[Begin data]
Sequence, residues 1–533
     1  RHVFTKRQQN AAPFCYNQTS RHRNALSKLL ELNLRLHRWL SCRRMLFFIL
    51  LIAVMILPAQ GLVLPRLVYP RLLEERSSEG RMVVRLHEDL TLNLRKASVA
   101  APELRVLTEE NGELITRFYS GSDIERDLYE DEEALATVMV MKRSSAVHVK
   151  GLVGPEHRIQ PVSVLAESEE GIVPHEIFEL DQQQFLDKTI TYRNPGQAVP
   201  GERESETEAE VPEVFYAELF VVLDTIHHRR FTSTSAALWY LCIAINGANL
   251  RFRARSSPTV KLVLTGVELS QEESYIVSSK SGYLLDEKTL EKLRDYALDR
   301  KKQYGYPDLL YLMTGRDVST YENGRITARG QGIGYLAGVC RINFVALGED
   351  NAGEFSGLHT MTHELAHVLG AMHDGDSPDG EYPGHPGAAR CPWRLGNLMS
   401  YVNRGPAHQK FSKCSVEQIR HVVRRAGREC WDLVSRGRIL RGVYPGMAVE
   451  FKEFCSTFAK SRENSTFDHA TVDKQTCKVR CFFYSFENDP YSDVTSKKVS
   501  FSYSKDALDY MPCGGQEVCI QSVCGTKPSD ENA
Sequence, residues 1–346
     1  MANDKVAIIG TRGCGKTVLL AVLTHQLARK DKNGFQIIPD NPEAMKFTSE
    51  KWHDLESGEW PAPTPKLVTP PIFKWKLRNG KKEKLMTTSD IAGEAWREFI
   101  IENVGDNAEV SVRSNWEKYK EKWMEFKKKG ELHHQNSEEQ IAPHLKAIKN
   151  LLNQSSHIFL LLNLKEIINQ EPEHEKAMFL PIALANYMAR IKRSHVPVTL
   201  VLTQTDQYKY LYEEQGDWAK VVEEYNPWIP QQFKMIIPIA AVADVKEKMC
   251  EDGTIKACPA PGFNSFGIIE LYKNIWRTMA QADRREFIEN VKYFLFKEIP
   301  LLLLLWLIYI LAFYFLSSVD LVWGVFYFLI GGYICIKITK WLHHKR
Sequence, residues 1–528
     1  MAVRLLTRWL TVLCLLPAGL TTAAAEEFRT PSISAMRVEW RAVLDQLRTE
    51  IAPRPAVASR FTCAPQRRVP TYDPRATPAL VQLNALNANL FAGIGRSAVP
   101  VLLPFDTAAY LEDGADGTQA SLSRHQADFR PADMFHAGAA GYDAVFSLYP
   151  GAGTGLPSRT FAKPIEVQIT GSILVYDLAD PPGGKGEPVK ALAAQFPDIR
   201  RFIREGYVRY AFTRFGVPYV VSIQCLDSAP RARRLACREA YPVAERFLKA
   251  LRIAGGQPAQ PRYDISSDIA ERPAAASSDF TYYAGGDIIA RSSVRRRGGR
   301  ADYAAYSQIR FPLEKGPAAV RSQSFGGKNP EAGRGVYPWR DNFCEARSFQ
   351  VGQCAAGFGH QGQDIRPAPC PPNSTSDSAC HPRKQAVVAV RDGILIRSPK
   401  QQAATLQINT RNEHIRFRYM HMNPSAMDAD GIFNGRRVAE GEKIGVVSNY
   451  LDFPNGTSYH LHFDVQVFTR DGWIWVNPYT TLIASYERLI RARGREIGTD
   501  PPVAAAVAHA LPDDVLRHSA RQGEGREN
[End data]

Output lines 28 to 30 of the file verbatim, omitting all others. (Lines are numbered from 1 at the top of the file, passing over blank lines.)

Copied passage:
   301  ADYAAYSQIR FPLEKGPAAV RSQSFGGKNP EAGRGVYPWR DNFCEARSFQ
   351  VGQCAAGFGH QGQDIRPAPC PPNSTSDSAC HPRKQAVVAV RDGILIRSPK
   401  QQAATLQINT RNEHIRFRYM HMNPSAMDAD GIFNGRRVAE GEKIGVVSNY